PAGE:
Hike to the highest point on Whidbey Island for excellent views near and far. On your journey upward, walk the beach, cross under one of the most scenic bridges in the state, and check out the twisted trunks of the Pacific Madrone trees on the way.
Start your hike at the far west end of Cranberry Lake. Walk to the amphitheater and locate the trail on the far side. This is the North Beach trail. Follow the wide, well-built trail for almost a mile as it climbs above North Beach toward the bridge. Once you reach the bridge, the trail crosses under it, giving you a chance to admire the engineering. Started in August of 1934 and completed in July of 1935, the bridge and much of the park was built by the Civilian Conservation Corps in the height of the Great Depression.
Once you cross under the bridge, the trail forks, keep left, you want to follow the Perimeter Trail. The trail forks again. Keep left again, following the Perimeter Trail still. A third fork in the trail is where you should head right.
As you hike, you will see some small trails heading a short way down toward the water, they lead to some views of Mount Baker through the trees.
Following the Perimeter Trail takes you around the side of Goose Rock and above the shores of Cornet Bay. The trail drops down close to the beach before heading up again. There is a side trail to the left, but that is not your trail, take the one to the right that heads uphill. Hike along an open, grassy area on a rocky hillside, in spring look for the pink flowers of wild currant. Look out at Cornet Bay and on a sunny day, Mount Baker in the distance. All along this section notice the contorted branches and peeling red bark of the native madrone trees. These will have clusters of flowers in the spring, and red-orange berries in the fall. Some of these trees are quite old, with huge trunks and grey bark at the base.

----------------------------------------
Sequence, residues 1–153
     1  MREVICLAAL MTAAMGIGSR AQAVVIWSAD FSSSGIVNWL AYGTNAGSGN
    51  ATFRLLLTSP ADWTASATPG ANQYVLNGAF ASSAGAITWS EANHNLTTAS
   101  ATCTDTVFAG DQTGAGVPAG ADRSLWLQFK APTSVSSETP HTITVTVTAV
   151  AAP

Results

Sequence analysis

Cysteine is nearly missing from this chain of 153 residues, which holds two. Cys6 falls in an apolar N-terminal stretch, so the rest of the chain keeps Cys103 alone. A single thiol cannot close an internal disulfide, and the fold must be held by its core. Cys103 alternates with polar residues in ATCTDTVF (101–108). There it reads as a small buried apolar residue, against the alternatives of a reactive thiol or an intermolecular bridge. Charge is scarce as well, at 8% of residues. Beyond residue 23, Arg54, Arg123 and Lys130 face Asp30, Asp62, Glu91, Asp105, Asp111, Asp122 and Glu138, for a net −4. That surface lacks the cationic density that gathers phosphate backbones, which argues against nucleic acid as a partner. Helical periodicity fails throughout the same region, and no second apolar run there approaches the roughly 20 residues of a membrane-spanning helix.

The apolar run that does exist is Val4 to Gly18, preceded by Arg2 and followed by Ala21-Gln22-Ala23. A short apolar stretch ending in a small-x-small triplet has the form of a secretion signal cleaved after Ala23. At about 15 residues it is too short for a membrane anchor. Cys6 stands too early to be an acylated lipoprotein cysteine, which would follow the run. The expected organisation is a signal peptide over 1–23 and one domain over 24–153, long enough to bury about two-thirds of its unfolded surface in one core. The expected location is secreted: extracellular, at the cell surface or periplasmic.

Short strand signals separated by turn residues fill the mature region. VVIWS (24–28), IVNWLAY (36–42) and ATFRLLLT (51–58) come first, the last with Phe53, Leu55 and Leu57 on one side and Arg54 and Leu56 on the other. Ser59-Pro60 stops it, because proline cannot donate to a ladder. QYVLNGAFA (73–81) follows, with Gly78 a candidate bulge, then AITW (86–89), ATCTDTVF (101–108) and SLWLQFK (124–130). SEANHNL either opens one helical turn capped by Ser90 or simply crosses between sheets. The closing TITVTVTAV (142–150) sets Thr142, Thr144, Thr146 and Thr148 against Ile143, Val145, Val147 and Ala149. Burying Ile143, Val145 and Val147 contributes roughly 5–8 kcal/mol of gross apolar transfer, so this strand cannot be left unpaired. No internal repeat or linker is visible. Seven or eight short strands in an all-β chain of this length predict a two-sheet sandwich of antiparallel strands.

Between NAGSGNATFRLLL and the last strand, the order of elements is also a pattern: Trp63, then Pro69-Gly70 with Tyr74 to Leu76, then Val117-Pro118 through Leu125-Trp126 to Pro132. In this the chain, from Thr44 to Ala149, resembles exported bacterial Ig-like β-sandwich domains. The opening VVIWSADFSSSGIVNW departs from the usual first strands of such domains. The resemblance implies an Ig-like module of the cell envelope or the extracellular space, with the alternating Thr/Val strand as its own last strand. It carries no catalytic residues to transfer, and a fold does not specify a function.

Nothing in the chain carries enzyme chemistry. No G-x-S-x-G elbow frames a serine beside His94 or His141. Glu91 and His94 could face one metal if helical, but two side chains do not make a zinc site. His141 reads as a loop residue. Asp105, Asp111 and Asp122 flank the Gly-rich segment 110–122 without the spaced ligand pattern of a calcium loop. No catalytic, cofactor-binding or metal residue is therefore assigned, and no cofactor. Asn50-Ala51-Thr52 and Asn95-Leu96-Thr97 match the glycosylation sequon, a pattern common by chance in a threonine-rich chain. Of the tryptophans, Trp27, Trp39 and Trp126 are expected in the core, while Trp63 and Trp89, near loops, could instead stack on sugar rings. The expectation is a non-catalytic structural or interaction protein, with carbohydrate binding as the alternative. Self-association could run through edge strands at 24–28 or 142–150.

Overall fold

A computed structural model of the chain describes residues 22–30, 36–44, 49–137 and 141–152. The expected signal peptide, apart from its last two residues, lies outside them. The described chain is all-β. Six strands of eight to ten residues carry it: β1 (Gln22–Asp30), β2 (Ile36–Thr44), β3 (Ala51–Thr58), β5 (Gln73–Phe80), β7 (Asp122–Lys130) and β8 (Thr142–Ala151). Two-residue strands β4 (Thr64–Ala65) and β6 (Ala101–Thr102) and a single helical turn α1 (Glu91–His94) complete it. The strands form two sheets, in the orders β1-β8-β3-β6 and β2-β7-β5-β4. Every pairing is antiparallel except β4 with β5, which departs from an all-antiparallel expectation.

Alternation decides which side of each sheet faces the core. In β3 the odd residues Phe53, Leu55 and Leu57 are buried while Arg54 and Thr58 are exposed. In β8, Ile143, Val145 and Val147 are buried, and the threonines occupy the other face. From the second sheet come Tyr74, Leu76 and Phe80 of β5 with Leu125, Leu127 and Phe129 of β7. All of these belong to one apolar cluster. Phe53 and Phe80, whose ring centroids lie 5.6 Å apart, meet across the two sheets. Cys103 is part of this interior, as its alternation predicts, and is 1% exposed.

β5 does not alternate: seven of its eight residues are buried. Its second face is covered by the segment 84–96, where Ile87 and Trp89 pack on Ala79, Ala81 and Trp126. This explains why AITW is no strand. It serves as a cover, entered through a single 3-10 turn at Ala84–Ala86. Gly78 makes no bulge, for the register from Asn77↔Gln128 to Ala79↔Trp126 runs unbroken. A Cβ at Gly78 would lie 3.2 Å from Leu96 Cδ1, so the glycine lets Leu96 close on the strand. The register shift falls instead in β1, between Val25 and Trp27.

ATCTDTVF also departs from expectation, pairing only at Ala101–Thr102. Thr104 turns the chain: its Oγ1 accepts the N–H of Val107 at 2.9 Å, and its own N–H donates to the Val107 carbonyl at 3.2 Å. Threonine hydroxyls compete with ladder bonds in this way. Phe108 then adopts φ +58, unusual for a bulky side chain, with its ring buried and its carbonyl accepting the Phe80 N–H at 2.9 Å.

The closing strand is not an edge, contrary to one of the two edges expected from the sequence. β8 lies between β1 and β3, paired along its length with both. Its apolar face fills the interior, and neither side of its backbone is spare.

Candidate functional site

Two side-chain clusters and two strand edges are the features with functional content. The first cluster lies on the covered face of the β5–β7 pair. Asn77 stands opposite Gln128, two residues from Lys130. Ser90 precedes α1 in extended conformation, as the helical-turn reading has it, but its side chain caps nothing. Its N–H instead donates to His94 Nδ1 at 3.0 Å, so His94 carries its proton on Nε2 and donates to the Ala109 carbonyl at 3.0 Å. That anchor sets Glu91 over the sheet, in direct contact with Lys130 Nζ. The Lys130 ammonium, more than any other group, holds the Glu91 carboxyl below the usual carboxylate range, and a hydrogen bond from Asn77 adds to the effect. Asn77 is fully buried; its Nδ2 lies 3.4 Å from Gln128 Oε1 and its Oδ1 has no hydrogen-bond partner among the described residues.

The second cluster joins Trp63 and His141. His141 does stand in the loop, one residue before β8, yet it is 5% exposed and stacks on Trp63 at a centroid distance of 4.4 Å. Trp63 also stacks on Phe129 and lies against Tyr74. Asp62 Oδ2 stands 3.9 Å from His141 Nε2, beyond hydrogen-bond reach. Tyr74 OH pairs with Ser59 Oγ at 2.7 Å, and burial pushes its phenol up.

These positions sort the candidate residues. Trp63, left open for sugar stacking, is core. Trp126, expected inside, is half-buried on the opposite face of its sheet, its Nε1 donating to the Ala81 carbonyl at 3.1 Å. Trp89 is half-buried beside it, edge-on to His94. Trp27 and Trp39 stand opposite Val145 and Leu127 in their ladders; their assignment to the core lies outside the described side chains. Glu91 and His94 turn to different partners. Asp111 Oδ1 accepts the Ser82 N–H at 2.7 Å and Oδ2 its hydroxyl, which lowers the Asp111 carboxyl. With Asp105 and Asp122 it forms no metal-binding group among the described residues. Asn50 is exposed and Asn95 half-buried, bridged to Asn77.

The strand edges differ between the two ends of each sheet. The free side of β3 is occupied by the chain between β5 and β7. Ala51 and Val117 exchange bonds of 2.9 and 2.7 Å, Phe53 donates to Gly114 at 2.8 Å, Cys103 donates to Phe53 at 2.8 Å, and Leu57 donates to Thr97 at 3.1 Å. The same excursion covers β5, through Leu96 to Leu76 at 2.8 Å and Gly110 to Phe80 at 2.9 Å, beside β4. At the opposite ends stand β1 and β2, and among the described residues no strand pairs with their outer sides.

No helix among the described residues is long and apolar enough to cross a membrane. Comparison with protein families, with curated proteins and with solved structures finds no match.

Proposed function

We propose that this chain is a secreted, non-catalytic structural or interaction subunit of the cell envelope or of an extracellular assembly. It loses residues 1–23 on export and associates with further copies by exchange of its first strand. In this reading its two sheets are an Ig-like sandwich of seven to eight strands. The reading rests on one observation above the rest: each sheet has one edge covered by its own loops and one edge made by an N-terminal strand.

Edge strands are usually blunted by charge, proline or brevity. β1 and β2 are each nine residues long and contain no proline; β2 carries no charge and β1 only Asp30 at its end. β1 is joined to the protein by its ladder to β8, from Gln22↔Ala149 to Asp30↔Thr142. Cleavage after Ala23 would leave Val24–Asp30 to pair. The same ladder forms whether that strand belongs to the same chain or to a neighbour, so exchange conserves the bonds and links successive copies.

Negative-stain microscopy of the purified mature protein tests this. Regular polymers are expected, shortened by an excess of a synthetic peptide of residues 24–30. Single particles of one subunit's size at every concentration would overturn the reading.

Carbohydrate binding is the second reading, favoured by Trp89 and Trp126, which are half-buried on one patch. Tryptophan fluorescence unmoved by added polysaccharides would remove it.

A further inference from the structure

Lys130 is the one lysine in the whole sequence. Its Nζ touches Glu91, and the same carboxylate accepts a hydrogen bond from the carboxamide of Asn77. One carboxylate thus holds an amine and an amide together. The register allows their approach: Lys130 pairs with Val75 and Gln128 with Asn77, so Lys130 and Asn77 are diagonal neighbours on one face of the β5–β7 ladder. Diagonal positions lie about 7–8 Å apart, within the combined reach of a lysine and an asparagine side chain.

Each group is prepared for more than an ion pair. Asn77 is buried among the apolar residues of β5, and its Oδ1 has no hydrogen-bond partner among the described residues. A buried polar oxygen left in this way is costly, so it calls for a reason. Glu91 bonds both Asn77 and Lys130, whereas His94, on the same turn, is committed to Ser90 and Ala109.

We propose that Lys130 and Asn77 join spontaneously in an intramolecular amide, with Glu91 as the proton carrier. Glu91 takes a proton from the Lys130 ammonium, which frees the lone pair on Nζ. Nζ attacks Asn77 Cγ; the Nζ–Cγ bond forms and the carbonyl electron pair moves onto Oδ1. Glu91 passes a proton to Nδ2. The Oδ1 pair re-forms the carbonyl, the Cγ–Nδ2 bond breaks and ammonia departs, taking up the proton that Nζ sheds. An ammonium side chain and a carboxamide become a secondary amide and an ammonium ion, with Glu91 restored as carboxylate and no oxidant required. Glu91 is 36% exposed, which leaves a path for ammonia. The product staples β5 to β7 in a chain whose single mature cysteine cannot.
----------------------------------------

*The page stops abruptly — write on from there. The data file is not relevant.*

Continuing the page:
The trail drops down to a well signed intersection. Here you meet the Summit Trail. Take this one; it’s time to head to the top! The trail climbs steeply, then switchbacks through the woods. Climb out of the trees and hit the first of what is called ‘the Balds’. Bald refers to an area scraped to the bedrock by receding glaciers at the end of the last ice age. A good look at the rock and you can see the striations. It has taken thousands of years to build up enough topsoil on top of the rock to grow the plants in this meadow. Get down on your knees and look carefully, see how many different kinds of mosses, stonecrops and other plants you can find! Please don’t destroy them by careless walking.
Follow the path, and head up and under the power lines. Here will be some great views of the Cascade peaks along the Mountain Loop Highway. From here, you can follow a trail over to the high point and the top of Goose Rock at 484 feet. From the top you can see the Olympics, across the water to the San Juan Islands, and just below you, Cranberry Lake. Check out the view of the Naval Air Station and watch the jets on maneuvers.
When you are ready to head back, you have several routes to choose from. Take the Summit trail back to the start of the Perimeter trail and the bridge, or go back the way you came up, and hit the Discovery trail, cross Highway 20 by going under a pedestrian tunnel, and meet the North Beach trail on the other side of the bridge. From the North Beach trail, drop down to the beach and walk along the beach. There are picnic tables scattered about where beach meets woods. If the tide is out, you may be able to walk all the way back to the parking lot by way of the beach. If it is in, you will reach a dead end at the west point headland, backtrack and catch the trail again.
WTA Pro Tip: This is a very popular park and the trails are well used. For maximum enjoyment, get here early! The park hours are: 6:30 a.m. - dusk April through September, 8:00 a.m. - dusk October through March.